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British Coastal Architecture Inspires Proposed McCarthy Stone Development In Poole

Discover the British inspiration behind our brand new development in Poole. See how architects enhanced the buildings exclusive location here.

a field of grass and a tower
Health and wellbeing
Posted 04 March 2013
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British Coastal Architecture Inspires Proposed McCarthy Stone Development In Poole

Rich Architecture for Poole Development

Glenn Howells Architects were given the brief to create a design that would enhance our site in Poole and make the most of its excellent location, which is close to the town’s centre of Poole and it’s harbour. Many of the proposed apartments will enjoy views out to sea and the National Trust’s Brownsea Island.

Basim Shamsuddin, a designer at the practice gives us the inside track on where the inspiration for the proposed design came from. To create a beautiful building that reflects Poole’s rich heritage, we researched and drew inspiration from a number of local and regional buildings from the interwar period. A number of local well known buildings within Poole were identified as a starting point to help inform our approach to the scheme’s design.

In particular Landfall, by Oliver Hill, and The Conning Towers by AJ Seal & Partners embody an optimistic and confident vision of Poole. Both buildings were completed between 1935 and 1938, and reflect the optimism of the interwar years. The buildings belong firmly to the modernist movement, but also reflect Poole’s coastal location. The nautical detailing to balconies and railings, and prevalence of smooth white treatment allude to Poole’s close relationship with the shipping industry. The modernist tradition has survived, and can be seen in the products of local company Sunseeker, who design and manufacture modern, sleek word class luxury motor yachts.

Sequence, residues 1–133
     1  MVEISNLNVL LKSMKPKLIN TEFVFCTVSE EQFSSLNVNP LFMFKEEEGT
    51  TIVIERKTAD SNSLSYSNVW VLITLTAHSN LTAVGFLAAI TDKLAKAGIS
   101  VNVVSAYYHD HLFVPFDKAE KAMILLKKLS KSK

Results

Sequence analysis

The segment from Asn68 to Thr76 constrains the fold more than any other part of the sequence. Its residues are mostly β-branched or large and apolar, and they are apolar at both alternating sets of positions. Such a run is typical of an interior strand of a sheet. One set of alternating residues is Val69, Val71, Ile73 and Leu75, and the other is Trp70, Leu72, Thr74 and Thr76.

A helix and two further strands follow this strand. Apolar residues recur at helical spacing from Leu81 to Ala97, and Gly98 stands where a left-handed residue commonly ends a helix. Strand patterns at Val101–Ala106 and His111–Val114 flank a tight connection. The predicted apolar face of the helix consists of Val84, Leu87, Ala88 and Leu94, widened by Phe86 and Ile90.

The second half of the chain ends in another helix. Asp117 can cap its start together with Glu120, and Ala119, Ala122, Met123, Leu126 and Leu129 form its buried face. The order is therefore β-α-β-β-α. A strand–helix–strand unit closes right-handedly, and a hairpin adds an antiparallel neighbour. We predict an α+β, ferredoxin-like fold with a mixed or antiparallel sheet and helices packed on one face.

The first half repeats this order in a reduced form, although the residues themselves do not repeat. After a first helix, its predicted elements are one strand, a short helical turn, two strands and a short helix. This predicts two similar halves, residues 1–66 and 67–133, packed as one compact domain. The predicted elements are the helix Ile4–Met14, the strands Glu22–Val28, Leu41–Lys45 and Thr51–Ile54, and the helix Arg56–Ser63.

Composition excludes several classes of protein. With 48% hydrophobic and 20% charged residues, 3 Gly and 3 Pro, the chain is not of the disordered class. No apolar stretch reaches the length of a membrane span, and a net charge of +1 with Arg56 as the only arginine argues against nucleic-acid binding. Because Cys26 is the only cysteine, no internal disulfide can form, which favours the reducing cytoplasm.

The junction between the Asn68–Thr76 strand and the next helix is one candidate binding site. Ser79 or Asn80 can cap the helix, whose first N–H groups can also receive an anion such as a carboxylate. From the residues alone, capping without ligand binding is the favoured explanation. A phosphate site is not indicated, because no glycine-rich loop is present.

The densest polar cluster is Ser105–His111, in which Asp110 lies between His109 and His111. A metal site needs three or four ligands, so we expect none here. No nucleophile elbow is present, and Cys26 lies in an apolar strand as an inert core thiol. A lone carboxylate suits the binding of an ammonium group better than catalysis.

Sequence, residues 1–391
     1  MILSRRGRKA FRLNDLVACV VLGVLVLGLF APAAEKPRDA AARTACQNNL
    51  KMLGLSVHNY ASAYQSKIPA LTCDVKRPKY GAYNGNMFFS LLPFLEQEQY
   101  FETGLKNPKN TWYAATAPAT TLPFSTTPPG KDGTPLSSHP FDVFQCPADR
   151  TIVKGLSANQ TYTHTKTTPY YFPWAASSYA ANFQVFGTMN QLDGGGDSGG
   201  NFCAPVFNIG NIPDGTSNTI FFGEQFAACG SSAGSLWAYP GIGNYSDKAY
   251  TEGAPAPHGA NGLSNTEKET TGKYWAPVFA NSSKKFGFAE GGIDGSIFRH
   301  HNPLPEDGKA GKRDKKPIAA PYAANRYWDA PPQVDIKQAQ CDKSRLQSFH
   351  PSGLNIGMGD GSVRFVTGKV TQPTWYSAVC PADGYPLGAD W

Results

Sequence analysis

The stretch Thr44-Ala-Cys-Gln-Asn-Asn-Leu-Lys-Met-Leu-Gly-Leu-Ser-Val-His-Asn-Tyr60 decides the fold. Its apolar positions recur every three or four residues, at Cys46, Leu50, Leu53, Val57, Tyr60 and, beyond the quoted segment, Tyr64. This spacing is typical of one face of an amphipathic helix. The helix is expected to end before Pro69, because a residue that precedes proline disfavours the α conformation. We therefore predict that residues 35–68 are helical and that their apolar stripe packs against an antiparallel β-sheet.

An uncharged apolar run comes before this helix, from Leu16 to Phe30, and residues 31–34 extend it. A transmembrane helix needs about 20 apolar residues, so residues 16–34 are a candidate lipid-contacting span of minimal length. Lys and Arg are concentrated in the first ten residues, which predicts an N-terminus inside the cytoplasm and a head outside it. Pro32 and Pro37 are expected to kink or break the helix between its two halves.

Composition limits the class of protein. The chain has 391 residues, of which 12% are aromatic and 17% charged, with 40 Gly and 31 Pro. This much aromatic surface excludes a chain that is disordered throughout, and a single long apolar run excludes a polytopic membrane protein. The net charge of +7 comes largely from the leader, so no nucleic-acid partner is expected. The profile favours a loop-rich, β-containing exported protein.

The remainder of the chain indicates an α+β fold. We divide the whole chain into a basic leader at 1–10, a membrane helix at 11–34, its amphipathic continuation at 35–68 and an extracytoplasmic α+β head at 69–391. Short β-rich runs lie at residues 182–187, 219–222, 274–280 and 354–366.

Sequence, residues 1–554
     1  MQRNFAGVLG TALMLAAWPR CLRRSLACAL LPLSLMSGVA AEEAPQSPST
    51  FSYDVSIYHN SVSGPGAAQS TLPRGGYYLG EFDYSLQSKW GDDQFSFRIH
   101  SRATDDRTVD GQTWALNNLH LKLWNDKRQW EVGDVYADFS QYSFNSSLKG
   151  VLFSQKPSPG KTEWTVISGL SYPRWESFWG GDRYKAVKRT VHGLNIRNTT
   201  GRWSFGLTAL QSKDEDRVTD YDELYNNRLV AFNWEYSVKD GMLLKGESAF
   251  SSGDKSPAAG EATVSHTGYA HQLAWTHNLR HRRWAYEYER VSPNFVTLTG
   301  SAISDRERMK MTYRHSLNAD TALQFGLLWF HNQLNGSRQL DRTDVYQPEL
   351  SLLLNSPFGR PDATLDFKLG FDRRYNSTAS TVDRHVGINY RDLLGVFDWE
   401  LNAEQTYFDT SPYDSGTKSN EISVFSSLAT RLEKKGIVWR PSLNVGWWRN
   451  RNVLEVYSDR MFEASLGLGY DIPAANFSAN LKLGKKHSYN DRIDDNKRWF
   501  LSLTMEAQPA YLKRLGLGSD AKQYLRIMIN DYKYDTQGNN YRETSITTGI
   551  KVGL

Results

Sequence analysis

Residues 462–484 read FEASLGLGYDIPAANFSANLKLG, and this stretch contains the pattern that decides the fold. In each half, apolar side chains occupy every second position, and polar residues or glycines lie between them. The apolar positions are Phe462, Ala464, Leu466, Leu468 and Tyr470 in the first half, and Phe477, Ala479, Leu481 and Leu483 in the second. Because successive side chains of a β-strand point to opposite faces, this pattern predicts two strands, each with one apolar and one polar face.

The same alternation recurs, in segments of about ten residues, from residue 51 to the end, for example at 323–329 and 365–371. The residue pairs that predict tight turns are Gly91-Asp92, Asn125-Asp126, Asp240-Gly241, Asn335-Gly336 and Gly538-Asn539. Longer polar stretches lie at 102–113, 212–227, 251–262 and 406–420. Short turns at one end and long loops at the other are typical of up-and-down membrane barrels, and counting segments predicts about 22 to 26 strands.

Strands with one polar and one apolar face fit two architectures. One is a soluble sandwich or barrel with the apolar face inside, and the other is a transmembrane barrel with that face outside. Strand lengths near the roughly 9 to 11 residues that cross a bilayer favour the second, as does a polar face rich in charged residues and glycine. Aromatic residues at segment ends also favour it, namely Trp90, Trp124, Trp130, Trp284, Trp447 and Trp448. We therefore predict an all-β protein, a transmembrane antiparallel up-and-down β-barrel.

Further examples of British, coastal region buildings which were built during the interwar years illustrate how this architectural style was applied at a larger scale. The Midland Hotel in Morcambe (1933, by Oliver Hill), and the De La Warr Pavilion in Bexhill-on-Sea (1933, Eric Mendelsohn) have these recognisable elements. Boscombe Pier, which is just down the road from the site in Bournemouth (1950, John Burton) shows how this tradition carried on after the war and has continued through to the current day with a number of high-end contemporary private homes.

These examples and the research that was undertaken led to three key architectural characteristics being defined as:

  • horizontal emphasis
  • a white facade
  • smooth curved forms

Our intention with the design of the building was to refer to these traits and reference Poole’s heritage. The long sweeping curve of our lower building is emphasised by deep, full width balconies which give residents good views towards Poole Park and the harbour. For more pictures of the design please visit the development's website page and browse the gallery. Also, we have proposed the use of low-level planters which divide adjacent balconies while still providing opportunities for neighbours to socialise. The taller building features a tighter curve, which alludes to standing at the prow of a ship, and will provide residents with stunning views over Poole Harbour and towards the town. A shared terrace with landscaped gardens will provide a tranquil setting for the building.

All of these features should help create a truly stunning development.

Architecture Designs for the development in Poole

Plans for the proposed development in Poole are still at the planning stage. A decision is expected this spring.

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